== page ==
Planning

Andres Duany vs Harvard GSD

Architect Andres Duany is none too pleased that Harvard GSD's Urban Design program has been replaced by Landscape Urbanism. Here's why.

Without a doubt, architect Andres Duany is a pivotal figure in creating a less car-dependent, more walking-oriented American landscape–the kind of human-scale, personally navigable, tight developments that seem to have sturdy green roots and point, generally, toward a more urban lifestyle. Certainly, densely-settled cities have what Duany and his cohorts have been advocating for 30 years. But now as these…

Book Review: The Grid Book

The Grid Book wants to show us that the history of building, composing, computing, mapping, lending, painting, printing, trading, and writing—the history of modern existence, in other words—is really a history of the grid.

The Grid Book wants to show us that the history of building, composing, computing, mapping, lending, painting, printing, trading, and writing—the history of modern existence, in other words—is really a history of the grid. This is ambitious. By a bit too much, as it turns out. The author, Hannah Higgins, isn’t quite able to map out all the facts she…

Book Review: The Battle for Gotham

This book is about Robert Moses and Jane Jacobs and their storied clashes, but it’s also about how those conflicts defined the city. And, threaded into that public history, it’s an account of author Roberta Gratz’s own life in New York.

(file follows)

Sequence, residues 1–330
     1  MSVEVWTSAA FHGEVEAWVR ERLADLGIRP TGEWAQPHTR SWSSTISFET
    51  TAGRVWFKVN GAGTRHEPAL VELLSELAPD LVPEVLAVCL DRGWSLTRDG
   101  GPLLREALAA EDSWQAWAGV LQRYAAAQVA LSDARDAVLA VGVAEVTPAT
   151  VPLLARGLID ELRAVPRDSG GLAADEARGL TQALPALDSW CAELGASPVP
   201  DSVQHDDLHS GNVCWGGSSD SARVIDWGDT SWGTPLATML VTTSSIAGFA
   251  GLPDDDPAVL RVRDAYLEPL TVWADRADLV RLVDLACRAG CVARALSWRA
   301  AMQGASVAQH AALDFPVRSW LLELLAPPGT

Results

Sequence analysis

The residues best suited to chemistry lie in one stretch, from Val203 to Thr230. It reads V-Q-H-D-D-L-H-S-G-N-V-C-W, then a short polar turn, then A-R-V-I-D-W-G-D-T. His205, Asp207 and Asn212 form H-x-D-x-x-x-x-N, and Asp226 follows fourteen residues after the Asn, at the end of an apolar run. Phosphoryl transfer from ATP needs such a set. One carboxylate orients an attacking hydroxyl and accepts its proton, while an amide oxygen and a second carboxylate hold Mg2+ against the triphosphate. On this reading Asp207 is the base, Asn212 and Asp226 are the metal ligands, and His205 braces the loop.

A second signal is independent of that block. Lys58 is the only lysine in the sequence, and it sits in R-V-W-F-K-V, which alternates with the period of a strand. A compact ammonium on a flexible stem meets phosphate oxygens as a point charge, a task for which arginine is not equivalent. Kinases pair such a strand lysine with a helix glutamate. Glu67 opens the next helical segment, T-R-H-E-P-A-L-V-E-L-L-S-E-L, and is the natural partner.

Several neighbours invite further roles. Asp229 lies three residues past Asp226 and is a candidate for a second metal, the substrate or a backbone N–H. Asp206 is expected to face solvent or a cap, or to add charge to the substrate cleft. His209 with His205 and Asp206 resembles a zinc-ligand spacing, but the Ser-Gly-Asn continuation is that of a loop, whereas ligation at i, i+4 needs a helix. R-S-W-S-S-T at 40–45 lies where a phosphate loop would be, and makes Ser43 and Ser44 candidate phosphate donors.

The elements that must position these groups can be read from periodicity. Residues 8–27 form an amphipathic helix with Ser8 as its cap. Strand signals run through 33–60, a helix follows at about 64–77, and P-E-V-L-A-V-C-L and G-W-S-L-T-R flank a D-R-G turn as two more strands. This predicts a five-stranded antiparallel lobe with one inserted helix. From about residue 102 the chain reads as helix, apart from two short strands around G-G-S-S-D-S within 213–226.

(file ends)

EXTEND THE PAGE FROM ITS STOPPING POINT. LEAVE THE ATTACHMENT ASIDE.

At first glance, you’d be hard-pressed to find anything exemplary in the layout of Willets Point, Queens, with its jumble of auto repair shops, junkyards, and the cars, broken down and not, that litter the spaces between buildings. The city hasn’t built sidewalks there—neither has it installed sewers—so the main drag is both street and sidewalk, and the neighborhood looks…

Q&A: Ken Greenberg on the Future of Urban Planning

One of the great treats in working on our “1-5-10 Issue” was talking to experts and inviting them—urging them, really—to speculate on the future. Toronto-based Ken Greenberg—our urban-planning talking head—is currently working on a book, due out next year, on the future of cities, and he took the opportunity to ruminate on all of the changes he sees on the…

What’s Next: Urban Planning

The 21st-century city faces a host of daunting challenges: projected scarcities of water and energy, rising sea levels, and, ultimately, more people. But the seeds of fairly radical change have already been planted. “I’m convinced we’re in the midst of a transformation that is probably as profound as what happened immediately after the Second World War, when we got all…

Fixing a Broken City

Photos: Cristina Naccarato/Broken City Lab Just across the river from Detroit sits a city forgotten. Battered by the fall of the auto industry and struggling to keep its economy running, Windsor, Ontario, has seen some tough times in recent years, and things aren’t likely to improve any time soon. It has the highest unemployment rate in Canada, a plummeting population,…